During the hiring process, select an inspector that communicates well. After all you are going to have many questions so you will want someone who responds professionally and knows how to articulate your homes issues. If it takes them several days to answer a simple query, then they may be as slow in providing you with the results later on or with accommodating your complaints, if you ever have one. Efficient property inspectors can often provide a report the day of the inspection.

Warranty

Finally, a good home inspection service must offer a warranty to the client. This warranty can be valid for 30, 60, or 90 days and, obviously, the lengthier the better. This will ensure that the inspector did his job seriously or he will be liable for any repairs that will transpire due to damages that he failed to report. These inspectors usually have an error and omission insurance that will cover this, although some will ask the client to sign a waiver to limit their liability. For your protection and to ensure that you are getting good value for the service that you hired, go with the inspection company that offers the best warranty.

Use these tips when you are looking for companies that will provide elite home inspections for you or for the people you know. This guide is a surefire way to ensure that you get the best professional out there.

Some Home Inspection Tips for Buyers

Homebuyers want home inspection tips as they consider making a large financial investment. Tips about home inspection are especially valuable for those who have not purchased a house before. This article is intended to provide such readers the most important pointers to follow so that the real estate buying process is not so overwhelming.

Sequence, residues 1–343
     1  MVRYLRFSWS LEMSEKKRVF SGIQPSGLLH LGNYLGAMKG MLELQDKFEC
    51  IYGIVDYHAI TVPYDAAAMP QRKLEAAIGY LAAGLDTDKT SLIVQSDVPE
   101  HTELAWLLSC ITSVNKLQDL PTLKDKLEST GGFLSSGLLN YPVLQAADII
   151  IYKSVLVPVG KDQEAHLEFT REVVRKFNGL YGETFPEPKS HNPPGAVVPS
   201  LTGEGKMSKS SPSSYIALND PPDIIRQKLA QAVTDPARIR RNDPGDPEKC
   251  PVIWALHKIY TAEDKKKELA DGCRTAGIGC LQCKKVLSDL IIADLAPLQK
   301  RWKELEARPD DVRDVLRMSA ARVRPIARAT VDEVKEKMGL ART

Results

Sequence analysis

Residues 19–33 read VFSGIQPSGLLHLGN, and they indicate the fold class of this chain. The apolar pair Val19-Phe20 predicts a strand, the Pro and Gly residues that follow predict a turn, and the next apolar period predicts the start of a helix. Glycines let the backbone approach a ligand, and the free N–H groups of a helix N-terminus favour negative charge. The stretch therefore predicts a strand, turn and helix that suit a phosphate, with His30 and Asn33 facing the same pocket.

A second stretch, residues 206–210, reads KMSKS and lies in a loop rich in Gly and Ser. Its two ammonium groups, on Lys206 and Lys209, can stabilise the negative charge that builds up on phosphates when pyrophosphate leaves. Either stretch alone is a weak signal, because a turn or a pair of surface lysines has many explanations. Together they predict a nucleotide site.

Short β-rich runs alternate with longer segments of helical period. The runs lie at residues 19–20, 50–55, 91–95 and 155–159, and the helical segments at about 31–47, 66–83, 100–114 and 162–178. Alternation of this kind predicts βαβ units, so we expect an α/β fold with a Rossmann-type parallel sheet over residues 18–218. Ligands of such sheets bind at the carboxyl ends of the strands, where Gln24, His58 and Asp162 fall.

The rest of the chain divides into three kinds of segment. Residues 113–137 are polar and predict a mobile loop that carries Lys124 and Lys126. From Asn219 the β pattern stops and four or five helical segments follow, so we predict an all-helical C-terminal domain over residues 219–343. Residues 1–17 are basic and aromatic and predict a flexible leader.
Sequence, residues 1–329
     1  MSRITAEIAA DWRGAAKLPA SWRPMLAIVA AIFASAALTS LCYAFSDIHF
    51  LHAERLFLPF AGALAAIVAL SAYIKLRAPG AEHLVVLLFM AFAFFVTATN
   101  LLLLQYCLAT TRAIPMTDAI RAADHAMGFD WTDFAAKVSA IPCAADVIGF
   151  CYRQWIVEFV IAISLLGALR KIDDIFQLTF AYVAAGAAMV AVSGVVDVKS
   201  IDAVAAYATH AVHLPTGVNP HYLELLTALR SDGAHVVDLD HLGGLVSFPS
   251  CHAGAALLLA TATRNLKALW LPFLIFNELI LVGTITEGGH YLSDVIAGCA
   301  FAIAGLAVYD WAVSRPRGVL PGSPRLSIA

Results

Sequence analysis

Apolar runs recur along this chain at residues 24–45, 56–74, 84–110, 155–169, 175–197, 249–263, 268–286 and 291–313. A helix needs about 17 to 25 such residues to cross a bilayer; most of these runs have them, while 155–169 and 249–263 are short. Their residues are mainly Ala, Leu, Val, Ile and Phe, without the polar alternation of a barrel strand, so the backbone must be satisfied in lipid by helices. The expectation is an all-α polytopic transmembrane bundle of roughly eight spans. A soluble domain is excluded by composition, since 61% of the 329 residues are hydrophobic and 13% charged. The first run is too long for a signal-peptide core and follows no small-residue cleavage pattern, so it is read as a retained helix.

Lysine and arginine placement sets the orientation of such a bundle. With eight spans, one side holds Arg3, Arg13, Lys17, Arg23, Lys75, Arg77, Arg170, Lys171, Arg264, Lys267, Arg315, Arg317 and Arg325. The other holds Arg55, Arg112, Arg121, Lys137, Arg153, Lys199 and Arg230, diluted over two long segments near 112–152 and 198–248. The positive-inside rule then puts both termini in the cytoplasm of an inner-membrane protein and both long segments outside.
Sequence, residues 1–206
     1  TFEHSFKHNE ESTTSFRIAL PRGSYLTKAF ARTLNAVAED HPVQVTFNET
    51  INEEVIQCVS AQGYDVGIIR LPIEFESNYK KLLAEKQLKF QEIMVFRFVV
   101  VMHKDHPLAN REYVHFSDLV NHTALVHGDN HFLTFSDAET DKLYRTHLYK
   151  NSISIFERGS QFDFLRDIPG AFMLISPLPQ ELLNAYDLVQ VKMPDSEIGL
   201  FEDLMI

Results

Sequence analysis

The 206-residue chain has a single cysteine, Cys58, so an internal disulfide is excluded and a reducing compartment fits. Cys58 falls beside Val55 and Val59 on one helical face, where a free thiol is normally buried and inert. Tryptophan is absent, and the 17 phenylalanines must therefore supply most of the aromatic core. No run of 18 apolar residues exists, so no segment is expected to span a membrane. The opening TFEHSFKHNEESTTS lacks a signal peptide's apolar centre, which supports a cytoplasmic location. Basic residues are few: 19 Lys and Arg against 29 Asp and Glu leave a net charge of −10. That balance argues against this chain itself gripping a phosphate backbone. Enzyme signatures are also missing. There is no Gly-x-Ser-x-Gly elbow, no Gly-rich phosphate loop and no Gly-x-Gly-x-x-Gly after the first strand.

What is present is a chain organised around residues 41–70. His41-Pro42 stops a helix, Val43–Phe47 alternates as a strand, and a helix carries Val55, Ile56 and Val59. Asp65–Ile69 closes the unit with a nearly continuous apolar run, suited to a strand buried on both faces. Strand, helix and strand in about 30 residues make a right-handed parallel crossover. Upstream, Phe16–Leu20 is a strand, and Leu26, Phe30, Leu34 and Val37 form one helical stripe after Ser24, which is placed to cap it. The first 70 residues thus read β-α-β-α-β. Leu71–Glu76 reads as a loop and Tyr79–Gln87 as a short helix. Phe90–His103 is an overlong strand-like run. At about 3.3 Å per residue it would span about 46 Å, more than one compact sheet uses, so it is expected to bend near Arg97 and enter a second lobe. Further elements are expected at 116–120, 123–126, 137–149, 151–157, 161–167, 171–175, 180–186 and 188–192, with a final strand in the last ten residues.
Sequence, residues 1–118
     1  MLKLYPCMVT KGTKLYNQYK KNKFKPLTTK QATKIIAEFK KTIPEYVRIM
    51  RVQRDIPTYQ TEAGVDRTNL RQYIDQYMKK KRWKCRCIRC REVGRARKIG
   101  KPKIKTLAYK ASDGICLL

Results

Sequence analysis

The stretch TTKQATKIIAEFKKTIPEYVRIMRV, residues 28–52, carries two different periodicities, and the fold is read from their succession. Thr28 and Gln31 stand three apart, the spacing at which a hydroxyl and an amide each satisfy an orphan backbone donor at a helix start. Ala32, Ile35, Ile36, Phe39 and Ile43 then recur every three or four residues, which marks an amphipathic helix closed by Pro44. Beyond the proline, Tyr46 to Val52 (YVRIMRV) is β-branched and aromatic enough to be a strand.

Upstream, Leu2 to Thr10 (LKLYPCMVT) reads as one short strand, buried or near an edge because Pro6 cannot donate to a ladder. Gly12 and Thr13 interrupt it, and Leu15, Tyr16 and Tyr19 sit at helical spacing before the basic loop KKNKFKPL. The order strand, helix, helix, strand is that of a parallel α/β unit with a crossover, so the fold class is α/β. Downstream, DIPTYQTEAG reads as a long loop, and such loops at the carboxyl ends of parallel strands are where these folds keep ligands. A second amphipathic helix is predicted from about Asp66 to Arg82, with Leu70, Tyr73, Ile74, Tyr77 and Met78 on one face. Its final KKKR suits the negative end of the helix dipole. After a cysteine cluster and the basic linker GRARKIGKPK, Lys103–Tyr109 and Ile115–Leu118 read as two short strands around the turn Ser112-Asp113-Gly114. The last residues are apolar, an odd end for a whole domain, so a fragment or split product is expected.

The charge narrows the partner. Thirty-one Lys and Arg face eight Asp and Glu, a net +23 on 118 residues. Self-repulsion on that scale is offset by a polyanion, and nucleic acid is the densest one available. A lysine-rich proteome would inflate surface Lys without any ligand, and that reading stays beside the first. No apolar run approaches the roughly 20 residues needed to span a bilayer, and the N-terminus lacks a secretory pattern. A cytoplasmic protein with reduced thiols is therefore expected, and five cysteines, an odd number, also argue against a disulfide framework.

The home inspection tips contained herein address three primary concerns, namely, how to select a home inspector, how to ensure you get the inspection you want and need, and how to get the most benefit out of the inspection report. These pointers apply whether or not you are working with a real estate agent. In fact, if you are working with an agent, these tips will help you get more involved so that the agent doesn’t make all or even some decisions unilaterally.

Our first tip is to consider why you should have the house you plan to buy inspected. There are various motives or reasons for doing so, the most common of which is to avoid buying a money pit. Sometimes the lender requires an inspection, and in general it’s a good idea to discover what may need to be remedied prior to closing. Also, though at one time a home warranty policy was commonly incorporated into the purchase agreement (perhaps seller and buyer sharing the cost), today the home inspection is in essence the only step taken to protect one’s investment.

But this makes it all the more important to get a report that covers all the bases and serves as a kind of owner’s manual to help you get acquainted to your new residence. Unfortunately, too often the inspection is somewhat rushed or even cursory. Minor problems might get glossed over and occasionally a serious major defect is missed. In such a case, if damages occur down the road, the buyer has some recourse by filing a claim, assuming the inspector is bonded. But the liability may be limited to the price of the inspection.